Across the street we met our friendly guide, Kevin. At the proper time (Kevin: "Trust me I've done this before"), he led the group on the walk toward St. James's Palace. This was where the Royals lived before Queen Victoria moved into Buckingham Palace in the 1830s. Kevin explained that the changing is really a multi-step process that begins about 7am, and it occurs at several places in the area. So one choice is to stand at Buckingham starting about 8am to wait until after 11 with thousands of other people, or be in Kevin's group and see much more!!! Lucky us!!! At St. James's (which was the first brick palace in the world), we saw the outgoing group (old guards) of Welsh guards come out, accompanied by a military band. We watched for a few minutes as they assembled and then Kevin said "OK everyone! Follow me!!!" and he began briskly walking (or as he put it so English-ly: "the group should keep momentum"!) toward The Mall. This is a wide boulevard that leads to Buckingham Palace. We crossed the street and assembled again as the guards came marching around the corner.
Then, on his signal, we (along with hundreds of others) raced along the verge to the next important point. At the next stop we saw another group (the new guard of soldiers and band - men and women) assembling. We watched them go down a short road toward the Palace.
Then, Kevin explained, when the new guard meets the soldiers going off duty, they stare at and inspect each other for 20 minutes! Next, they walk past each other and the new group takes over. Ta-da! This ceremonial ritual has been going on continuously since the 17th century.
That was the end of the walking tour. From there we walked up Victoria Embankment toward Westminster Abbey. Along the way (since it was after 12) we stopped at a lovely estabishment, Albert's, for lunch. The 3 of us split two orders of fish-and-chips; one had regular peas and one had mashed peas. One order probably would have been enough!
This was washed down with London Pride beer and Aspall Draught Suffolk cider. So good!!!!!
Then, sated once more, we continued on to Westminster. This has to be the most magnificent edifice in the world! Huge vaulted ceilings, incredible stone carvings, brilliant stained glass windows, and of course, the tombs (and markers) of the rich, famous, immortals, and used-to-be-famous. Newton, Joule, Darwin, Halley, etc., represent the sciences; Handel, Britten, etc., music; Shakespeare, Austen, Coward, Browning, etc., literature, and many kings and queens, dukes, earls, and lords (and their wives and daughters), statesmen, and hundreds of men who fought valiantly and died bravely in service to King and Country. You might remember seeing it as the home of royal weddings, the latest being Kate and William. It takes at least an hour to see it all. The only big negative is that absolutely no photography is allowed! (Not even sans flash). So here are some internet pictures to give you an idea.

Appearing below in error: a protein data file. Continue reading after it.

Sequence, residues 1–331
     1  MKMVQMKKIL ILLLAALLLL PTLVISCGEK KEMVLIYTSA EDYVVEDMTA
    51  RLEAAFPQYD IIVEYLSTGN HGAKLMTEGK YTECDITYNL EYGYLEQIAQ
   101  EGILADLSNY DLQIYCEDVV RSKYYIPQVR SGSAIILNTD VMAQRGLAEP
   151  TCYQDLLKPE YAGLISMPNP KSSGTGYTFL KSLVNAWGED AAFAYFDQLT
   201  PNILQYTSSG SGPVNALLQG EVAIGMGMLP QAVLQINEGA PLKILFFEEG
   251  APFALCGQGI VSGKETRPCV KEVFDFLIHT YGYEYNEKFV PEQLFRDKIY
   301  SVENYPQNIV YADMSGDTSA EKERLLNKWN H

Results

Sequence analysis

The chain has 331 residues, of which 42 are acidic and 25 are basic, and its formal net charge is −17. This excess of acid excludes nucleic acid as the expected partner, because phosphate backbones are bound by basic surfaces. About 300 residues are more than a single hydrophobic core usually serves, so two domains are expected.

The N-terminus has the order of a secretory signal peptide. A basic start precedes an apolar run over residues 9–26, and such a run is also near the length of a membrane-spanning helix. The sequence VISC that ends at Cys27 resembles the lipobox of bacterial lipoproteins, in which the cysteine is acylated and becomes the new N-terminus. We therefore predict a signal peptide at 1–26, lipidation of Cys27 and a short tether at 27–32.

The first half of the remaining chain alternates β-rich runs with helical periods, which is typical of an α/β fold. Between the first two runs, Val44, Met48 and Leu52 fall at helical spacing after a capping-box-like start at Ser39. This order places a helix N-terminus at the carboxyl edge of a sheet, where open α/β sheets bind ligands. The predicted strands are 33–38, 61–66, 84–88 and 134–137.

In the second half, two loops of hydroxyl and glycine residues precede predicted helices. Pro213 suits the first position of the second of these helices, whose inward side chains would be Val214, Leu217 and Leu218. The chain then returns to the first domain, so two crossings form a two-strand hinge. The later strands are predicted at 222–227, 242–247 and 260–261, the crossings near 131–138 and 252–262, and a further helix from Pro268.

Then we walked past Parliament, through Parliament Square (with statues of Mandela, Lincoln, and Churchill, et. al.), and on to the Churchill Museum and Cabinet War Rooms. This underground complex was where much of the British war strategy for WWII was conceived and managed. It was in operation from 1939 - 1945. Many of the rooms have the original equipment; others have been faithfully recreated. The superb audio guide walks you through life underground during those harrowing days.
We spent at least 45 minutes in there, and could have spent longer, but the clock, and our legs, told us it was time to move on. So we walked up Whitehall to Trafalgar Square (with Admiral Nelson's Column), and hopped back onto the Northern Line, and back to our hotel to freshen up before dinner.
Ah, dinner! London is known for its Indian cuisine, so we picked one of the finest, Moti Mahal. The menu promises a trip down "The Grand Trunk Road", which we traveled on in Varanasi during our India trip. Our table was situated right next to the glass wall behind which a chef continually made skewers of tandoori chicken and rounds of naan.
Wendy started off with an Inspiration aperitif--prosecco flavoured with lemongrass and pink grapefruit juice, garnished with a sugar-dusted grapefruit slice. We also were served a lovely platter of perfectly sliced fresh vegetables to arrange our own starter salads.
We started off with Kumro Phool Bhaja (from Bengal): crisp fried courgette (zucchini) flowers stuffed with spiced whiting, flavoured with curry leaf and smoked onion seeds. (Rating: Divine! This rated right up there with our first-ever squash blossoms in Rome.)
Dessert was the Kulfi Selection (from Delhi): Chef's selection of mini Kulfis on the stick - Gulkand and Honey, Milk Chocolate and Raisins, Blackberry, Pistachio, Mango (Creamy ice cream - Delicious!)
Thus ends our first two days in London.
When you fly from Dublin to London, there is no customs declaration and no passport check at the airport. And you land at the domestic terminal! So apparently the English think that Ireland is still part of the U.K.
Ta ta for now,